ShareThis Page
George Will

George F. Will: Nods to American hilarity before nodding off

| Wednesday, Nov. 22, 2017, 9:00 p.m.
The 'Fearless Girl' statue faces Wall Street's charging bull statue in New York.
Mark Lennihan/AP
The 'Fearless Girl' statue faces Wall Street's charging bull statue in New York.

WASHINGTON

Tryptophan, an amino acid in turkey, is unjustly blamed for what mere gluttony does, making Americans comatose every fourth Thursday in November. But before nodding off, give thanks for another year of American hilarity, including:

• A company curried favor with advanced thinkers by commissioning for Manhattan's financial district the “Fearless Girl” bronze statue, which exalts female intrepidity in the face of a rampant bull, representing (1) a surging stock market or (2) toxic masculinity. Then the company paid a $5 million settlement, mostly for paying 305 female executives less than men in comparable positions.

• Washington's subway banned a civil liberties group's ad consisting entirely of the text of the First Amendment, which ostensibly violated the rule against ads “intended to influence members of the public regarding an issue on which there are varying opinions.”

• Always alert about planetary crises, The New Yorker reported: “The world is running out of sand.”

• United Airlines said: Assault? Don't be misled by your eyes. That passenger dragged off the plane was just being “re-accommodated.”

• A New York Times tweet about the South reported a shooting at a nightclub “in downtown Arkansas.”

• In toney and oh-so-progressive Malibu, the City Council voted to become a sanctuary city. The councilwoman who made the motion for protecting illegal immigrants said: “Our city depends on a Hispanic population to support our comfortable lifestyle.”

• Forty-two years after the government began (with fuel economy standards) trying to push Americans into gas-sipping cars, the three best-selling vehicles were the Ford, Chevrolet and Ram pickup trucks.

• A year after a NASA climatologist (from the “settled” science of climate) said California was “in a drought forever,” torrential rains threatened to break dams.

• A University of Arizona guide instructed instructors to encourage students to say “ouch” when something said in class hurts their feelings.

• The Chronicle of Higher Education reported that student snowflakes are not the only victims of academic suffering. It seems that after the nine-month school year, professors endure isolation, solitude and depression during their three-month vacations.

• Massachusetts continues to be surprised that the smuggling of cigarettes into the state increased when state cigarette taxes increased.

• Although San Francisco's hourly minimum wage has not yet reached its destination of $15, the city is surprised that so many small businesses have closed. McDonald's probably was not surprised when its shares surged after it announced plans to replace cashiers with digital ordering kiosks in 2,500 restaurants.

• Finally, Domino's Pizza is going to need bigger menus. Government labeling regulations require calorie counts for every variation of items sold, which Domino's says (counting different toppings and crusts) includes about 34 million possible combinations. None, however, have excessive tryptophan.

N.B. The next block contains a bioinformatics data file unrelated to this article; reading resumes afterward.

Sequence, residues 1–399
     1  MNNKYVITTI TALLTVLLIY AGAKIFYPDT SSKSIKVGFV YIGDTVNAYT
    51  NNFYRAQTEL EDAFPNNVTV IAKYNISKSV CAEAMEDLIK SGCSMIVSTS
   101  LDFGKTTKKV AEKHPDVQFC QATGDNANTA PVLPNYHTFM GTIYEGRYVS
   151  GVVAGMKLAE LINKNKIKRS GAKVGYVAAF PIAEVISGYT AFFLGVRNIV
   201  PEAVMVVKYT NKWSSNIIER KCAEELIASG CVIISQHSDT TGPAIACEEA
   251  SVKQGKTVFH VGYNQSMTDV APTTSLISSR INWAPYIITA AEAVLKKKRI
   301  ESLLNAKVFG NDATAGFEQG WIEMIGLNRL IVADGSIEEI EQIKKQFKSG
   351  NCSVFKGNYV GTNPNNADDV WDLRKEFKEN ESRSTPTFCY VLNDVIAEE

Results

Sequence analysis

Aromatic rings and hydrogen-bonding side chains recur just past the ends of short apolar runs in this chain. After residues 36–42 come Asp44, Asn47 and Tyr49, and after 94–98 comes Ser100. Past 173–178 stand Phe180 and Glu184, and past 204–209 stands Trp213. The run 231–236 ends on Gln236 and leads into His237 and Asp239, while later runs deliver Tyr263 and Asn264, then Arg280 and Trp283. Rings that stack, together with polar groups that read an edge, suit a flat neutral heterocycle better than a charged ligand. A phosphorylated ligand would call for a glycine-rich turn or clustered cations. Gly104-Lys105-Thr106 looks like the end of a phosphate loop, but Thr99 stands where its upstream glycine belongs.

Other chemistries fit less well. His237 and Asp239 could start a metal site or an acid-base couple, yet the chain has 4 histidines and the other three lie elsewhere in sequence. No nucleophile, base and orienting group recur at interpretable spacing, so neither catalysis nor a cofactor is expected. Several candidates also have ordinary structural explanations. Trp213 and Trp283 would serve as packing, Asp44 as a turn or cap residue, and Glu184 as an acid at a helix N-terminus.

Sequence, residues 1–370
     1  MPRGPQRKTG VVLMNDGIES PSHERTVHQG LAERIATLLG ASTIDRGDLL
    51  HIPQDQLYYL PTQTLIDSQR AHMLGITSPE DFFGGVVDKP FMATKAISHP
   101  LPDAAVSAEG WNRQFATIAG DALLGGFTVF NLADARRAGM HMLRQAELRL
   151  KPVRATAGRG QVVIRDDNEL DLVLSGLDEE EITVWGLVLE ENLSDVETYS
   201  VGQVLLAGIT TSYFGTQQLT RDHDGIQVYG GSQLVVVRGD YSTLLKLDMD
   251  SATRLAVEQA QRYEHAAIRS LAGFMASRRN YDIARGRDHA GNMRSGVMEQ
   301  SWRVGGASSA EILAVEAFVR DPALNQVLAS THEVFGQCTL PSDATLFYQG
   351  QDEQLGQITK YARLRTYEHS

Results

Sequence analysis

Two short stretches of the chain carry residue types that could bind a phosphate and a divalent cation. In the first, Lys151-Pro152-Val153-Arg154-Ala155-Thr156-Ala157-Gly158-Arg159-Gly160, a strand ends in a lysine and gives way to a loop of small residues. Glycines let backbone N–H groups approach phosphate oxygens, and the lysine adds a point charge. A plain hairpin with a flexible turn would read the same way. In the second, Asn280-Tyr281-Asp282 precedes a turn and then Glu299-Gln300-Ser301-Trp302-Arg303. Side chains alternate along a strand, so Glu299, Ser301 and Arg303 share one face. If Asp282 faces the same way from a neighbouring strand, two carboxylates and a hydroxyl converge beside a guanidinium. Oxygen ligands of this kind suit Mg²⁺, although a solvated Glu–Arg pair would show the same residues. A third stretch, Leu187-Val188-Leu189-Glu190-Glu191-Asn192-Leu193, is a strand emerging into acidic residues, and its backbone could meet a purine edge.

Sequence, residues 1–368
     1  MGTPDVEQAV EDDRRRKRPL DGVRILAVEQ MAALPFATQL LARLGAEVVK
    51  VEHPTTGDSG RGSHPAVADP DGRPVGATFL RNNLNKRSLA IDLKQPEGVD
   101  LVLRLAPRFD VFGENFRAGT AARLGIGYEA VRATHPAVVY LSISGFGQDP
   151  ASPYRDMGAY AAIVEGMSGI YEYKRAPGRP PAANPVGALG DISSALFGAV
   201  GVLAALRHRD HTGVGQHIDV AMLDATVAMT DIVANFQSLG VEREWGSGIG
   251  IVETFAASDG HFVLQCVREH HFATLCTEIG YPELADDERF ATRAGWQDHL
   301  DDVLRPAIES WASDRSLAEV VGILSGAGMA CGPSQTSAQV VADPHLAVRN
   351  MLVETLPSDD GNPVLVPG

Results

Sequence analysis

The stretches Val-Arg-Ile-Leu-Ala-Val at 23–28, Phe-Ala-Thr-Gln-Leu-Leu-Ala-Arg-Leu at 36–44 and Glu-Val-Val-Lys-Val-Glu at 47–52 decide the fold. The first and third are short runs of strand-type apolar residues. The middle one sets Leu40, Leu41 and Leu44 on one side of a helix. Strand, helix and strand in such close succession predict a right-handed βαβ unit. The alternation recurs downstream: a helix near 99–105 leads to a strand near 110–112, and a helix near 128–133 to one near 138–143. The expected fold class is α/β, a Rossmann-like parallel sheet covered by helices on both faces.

George F. Will is a columnist for Newsweek and The Washington Post.

TribLIVE commenting policy

You are solely responsible for your comments and by using TribLive.com you agree to our Terms of Service.

We moderate comments. Our goal is to provide substantive commentary for a general readership. By screening submissions, we provide a space where readers can share intelligent and informed commentary that enhances the quality of our news and information.

While most comments will be posted if they are on-topic and not abusive, moderating decisions are subjective. We will make them as carefully and consistently as we can. Because of the volume of reader comments, we cannot review individual moderation decisions with readers.

We value thoughtful comments representing a range of views that make their point quickly and politely. We make an effort to protect discussions from repeated comments either by the same reader or different readers

We follow the same standards for taste as the daily newspaper. A few things we won't tolerate: personal attacks, obscenity, vulgarity, profanity (including expletives and letters followed by dashes), commercial promotion, impersonations, incoherence, proselytizing and SHOUTING. Don't include URLs to Web sites.

We do not edit comments. They are either approved or deleted. We reserve the right to edit a comment that is quoted or excerpted in an article. In this case, we may fix spelling and punctuation.

We welcome strong opinions and criticism of our work, but we don't want comments to become bogged down with discussions of our policies and we will moderate accordingly.

We appreciate it when readers and people quoted in articles or blog posts point out errors of fact or emphasis and will investigate all assertions. But these suggestions should be sent via e-mail. To avoid distracting other readers, we won't publish comments that suggest a correction. Instead, corrections will be made in a blog post or in an article.

click me